This is Gold Fields Our history 1914-1933
A total of 1,052 Gold Fields' employees enlist for active service during World War I, with 77 losing their lives. Charles Rudd dies in 1916.
The Sub-Nigel mine becomes one of the richest gold mines in the world, producing £29 million for investors during its life and £24 million in taxes for the government of South Africa.
Consolidated Gold Fields' interests include stakes in 25 companies worldwide, including two gold mines in Australia and a tin mining company in West Africa.
As the Great Depression hits the world economy, Dr Rudolf Krahmann (with the help of consulting engineer, Guy Carleton Jones) detects the magnetic shales beneath the large gold deposits of the West Wits Line. This leads to extensive development – including that of the Driefontein and Kloof mines.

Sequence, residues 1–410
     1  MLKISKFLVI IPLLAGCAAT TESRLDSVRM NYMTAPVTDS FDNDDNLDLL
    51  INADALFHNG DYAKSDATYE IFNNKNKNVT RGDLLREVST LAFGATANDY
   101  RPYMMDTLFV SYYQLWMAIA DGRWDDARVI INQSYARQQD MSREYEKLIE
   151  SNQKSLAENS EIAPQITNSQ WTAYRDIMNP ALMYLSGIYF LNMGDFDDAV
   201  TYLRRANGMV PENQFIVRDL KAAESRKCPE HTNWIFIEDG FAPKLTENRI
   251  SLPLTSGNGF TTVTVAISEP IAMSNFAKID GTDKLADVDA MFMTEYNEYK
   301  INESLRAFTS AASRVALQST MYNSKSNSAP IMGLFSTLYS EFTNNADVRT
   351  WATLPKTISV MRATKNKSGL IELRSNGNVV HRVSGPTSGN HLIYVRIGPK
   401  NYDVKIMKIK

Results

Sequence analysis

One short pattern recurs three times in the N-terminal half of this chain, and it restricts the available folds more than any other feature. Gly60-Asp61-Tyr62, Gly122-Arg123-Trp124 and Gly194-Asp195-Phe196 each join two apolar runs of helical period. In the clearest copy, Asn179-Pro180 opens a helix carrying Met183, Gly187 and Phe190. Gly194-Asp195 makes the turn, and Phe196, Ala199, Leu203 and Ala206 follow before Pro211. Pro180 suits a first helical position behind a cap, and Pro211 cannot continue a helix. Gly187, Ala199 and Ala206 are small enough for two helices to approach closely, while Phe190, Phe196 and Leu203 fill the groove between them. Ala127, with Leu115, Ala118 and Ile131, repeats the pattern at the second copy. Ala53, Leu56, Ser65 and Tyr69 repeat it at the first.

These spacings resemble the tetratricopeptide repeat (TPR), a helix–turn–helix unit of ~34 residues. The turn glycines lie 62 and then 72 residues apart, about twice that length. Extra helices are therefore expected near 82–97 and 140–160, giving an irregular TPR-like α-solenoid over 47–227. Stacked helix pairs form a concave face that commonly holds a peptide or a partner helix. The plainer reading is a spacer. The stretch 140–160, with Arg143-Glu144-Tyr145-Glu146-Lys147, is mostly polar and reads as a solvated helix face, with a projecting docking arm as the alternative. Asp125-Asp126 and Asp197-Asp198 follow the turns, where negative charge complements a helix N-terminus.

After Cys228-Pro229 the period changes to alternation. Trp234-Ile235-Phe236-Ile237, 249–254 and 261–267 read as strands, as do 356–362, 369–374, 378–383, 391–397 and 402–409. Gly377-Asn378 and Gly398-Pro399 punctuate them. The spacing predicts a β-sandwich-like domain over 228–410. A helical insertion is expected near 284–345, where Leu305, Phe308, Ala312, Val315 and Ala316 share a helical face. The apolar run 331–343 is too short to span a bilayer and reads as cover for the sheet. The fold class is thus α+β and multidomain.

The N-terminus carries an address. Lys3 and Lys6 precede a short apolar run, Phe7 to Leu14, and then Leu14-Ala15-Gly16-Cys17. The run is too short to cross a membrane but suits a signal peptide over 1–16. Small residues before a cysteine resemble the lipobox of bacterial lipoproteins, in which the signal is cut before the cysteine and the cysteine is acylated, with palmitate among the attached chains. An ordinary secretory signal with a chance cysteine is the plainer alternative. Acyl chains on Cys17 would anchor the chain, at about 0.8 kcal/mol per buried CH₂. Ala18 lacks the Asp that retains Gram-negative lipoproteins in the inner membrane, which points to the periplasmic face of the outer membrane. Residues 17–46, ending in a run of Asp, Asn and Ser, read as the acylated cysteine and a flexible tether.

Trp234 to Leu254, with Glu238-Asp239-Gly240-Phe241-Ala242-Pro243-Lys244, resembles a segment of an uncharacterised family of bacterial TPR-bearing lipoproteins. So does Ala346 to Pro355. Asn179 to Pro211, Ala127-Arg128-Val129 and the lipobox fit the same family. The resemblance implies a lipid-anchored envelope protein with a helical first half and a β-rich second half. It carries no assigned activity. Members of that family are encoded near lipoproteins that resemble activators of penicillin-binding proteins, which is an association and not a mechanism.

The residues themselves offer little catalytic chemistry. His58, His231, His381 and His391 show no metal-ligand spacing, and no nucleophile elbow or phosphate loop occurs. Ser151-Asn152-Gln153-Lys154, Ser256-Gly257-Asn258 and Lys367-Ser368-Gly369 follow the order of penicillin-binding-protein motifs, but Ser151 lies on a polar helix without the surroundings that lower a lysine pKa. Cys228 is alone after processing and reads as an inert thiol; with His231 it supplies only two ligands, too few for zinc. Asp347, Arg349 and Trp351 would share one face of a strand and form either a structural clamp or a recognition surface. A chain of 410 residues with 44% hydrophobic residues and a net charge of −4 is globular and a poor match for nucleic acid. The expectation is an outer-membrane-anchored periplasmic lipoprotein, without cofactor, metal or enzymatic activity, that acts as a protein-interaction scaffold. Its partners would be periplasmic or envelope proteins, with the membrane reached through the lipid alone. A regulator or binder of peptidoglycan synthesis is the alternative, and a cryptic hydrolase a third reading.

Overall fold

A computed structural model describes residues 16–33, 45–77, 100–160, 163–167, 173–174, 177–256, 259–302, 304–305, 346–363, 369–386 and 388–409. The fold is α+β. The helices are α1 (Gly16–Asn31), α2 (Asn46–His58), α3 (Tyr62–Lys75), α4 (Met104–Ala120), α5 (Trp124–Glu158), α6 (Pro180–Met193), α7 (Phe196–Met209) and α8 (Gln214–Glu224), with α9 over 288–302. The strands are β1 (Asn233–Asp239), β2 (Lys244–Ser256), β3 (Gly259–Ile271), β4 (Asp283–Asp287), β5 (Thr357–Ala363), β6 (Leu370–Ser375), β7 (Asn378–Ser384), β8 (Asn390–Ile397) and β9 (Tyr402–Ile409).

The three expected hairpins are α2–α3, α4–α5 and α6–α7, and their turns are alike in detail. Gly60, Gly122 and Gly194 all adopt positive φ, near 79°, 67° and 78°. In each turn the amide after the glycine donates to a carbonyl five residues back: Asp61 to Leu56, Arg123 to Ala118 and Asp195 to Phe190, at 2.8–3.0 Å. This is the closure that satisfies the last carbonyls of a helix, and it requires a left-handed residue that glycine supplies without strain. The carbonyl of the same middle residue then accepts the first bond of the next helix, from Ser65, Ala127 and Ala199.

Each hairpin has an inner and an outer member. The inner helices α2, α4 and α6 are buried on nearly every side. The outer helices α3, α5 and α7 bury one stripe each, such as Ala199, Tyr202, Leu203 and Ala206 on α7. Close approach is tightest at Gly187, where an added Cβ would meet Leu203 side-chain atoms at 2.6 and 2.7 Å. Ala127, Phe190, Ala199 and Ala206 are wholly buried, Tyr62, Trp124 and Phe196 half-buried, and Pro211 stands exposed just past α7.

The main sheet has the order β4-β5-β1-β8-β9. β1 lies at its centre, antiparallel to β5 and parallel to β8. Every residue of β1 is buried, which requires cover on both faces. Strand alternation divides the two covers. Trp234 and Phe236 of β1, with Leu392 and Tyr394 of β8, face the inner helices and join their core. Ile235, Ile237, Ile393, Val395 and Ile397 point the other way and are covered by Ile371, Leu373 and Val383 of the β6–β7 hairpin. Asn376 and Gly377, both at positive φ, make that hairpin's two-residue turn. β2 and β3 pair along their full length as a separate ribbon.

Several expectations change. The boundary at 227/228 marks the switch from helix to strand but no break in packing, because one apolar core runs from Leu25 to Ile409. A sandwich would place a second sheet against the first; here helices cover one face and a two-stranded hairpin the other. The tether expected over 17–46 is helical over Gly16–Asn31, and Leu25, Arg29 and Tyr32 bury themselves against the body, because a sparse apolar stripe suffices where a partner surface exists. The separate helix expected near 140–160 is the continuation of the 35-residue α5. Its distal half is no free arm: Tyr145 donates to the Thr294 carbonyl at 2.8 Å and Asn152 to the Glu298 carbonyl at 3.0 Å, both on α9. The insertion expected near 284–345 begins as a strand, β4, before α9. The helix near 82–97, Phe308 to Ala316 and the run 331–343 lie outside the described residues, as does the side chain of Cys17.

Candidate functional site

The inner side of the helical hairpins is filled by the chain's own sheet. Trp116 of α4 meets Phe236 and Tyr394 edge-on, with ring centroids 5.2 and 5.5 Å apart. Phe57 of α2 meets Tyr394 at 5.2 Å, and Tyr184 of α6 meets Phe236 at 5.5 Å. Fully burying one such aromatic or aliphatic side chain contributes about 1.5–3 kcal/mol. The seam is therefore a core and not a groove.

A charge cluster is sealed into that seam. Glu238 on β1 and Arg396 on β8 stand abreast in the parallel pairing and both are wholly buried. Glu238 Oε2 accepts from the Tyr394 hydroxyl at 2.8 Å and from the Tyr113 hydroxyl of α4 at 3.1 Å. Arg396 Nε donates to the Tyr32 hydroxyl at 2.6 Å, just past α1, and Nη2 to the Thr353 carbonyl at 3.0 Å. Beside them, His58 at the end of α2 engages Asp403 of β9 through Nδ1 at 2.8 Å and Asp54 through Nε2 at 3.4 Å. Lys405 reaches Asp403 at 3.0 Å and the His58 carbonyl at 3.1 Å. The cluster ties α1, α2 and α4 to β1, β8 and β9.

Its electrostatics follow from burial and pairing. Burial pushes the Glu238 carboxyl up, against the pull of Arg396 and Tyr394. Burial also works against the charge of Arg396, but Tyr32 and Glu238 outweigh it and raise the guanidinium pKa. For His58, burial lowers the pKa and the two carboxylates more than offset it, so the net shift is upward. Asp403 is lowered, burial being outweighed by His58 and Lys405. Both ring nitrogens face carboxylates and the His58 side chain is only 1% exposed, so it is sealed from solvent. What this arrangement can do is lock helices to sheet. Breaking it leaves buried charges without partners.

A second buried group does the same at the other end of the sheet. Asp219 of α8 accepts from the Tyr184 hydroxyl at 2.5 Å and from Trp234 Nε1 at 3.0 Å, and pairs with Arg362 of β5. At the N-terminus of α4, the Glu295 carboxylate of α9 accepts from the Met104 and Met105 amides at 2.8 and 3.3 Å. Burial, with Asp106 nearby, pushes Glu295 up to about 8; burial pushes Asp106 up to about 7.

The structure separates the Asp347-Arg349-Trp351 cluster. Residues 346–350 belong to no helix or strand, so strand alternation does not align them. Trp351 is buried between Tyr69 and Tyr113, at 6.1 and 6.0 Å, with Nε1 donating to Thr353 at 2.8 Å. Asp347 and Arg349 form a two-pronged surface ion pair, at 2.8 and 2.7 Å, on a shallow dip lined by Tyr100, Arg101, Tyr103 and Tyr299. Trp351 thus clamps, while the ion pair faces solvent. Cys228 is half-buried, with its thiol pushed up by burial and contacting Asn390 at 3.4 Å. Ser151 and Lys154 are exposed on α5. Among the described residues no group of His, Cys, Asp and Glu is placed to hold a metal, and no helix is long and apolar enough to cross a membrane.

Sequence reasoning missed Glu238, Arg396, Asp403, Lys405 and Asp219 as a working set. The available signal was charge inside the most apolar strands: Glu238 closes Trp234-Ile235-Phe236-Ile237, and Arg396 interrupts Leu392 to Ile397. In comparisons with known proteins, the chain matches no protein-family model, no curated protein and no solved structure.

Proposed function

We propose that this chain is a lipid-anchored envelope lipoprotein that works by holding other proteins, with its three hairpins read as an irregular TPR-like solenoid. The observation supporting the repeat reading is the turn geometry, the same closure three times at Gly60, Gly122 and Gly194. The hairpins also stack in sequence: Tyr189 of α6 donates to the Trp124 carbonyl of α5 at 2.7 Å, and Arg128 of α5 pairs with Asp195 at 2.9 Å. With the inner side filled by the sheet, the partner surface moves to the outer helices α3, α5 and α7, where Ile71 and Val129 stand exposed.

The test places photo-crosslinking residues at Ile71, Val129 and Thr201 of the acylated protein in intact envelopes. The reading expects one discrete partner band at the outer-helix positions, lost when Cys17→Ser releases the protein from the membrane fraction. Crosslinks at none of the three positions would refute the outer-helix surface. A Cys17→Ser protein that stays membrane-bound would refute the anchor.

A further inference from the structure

Deputy Chairman, John Agnew, approves investment in the West Witwatersrand Areas – with Gold Fields subsequently securing 30% in the West Wits (as it was known). Shortly afterwards the government of South Africa abandons the Gold Standard.
The discovery of further reefs in the West Wits leads to a boom in mining shares in the London and Johannesburg exchanges.